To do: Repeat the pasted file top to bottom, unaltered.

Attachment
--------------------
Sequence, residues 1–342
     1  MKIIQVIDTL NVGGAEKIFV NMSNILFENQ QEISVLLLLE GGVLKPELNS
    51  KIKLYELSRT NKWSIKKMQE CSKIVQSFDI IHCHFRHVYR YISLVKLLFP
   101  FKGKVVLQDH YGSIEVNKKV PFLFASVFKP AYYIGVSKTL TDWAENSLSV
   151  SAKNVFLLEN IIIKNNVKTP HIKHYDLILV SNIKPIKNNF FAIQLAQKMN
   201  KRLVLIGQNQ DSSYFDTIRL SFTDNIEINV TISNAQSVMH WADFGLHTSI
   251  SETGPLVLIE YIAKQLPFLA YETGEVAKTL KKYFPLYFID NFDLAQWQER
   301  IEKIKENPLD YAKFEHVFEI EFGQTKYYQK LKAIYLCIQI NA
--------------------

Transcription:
Sequence, residues 1–342
     1  MKIIQVIDTL NVGGAEKIFV NMSNILFENQ QEISVLLLLE GGVLKPELNS
    51  KIKLYELSRT NKWSIKKMQE CSKIVQSFDI IHCHFRHVYR YISLVKLLFP
   101  FKGKVVLQDH YGSIEVNKKV PFLFASVFKP AYYIGVSKTL TDWAENSLSV
   151  SAKNVFLLEN IIIKNNVKTP HIKHYDLILV SNIKPIKNNF FAIQLAQKMN
   201  KRLVLIGQNQ DSSYFDTIRL SFTDNIEINV TISNAQSVMH WADFGLHTSI
   251  SETGPLVLIE YIAKQLPFLA YETGEVAKTL KKYFPLYFID NFDLAQWQER
   301  IEKIKENPLD YAKFEHVFEI EFGQTKYYQK LKAIYLCIQI NA